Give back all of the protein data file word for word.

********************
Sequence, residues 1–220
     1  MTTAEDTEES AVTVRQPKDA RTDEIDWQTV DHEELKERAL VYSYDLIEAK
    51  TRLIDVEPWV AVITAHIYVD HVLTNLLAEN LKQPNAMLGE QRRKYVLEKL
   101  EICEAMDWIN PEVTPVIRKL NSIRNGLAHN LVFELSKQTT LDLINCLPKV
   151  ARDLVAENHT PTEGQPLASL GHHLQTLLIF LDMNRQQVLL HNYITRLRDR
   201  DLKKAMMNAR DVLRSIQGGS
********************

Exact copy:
Sequence, residues 1–220
     1  MTTAEDTEES AVTVRQPKDA RTDEIDWQTV DHEELKERAL VYSYDLIEAK
    51  TRLIDVEPWV AVITAHIYVD HVLTNLLAEN LKQPNAMLGE QRRKYVLEKL
   101  EICEAMDWIN PEVTPVIRKL NSIRNGLAHN LVFELSKQTT LDLINCLPKV
   151  ARDLVAENHT PTEGQPLASL GHHLQTLLIF LDMNRQQVLL HNYITRLRDR
   201  DLKKAMMNAR DVLRSIQGGS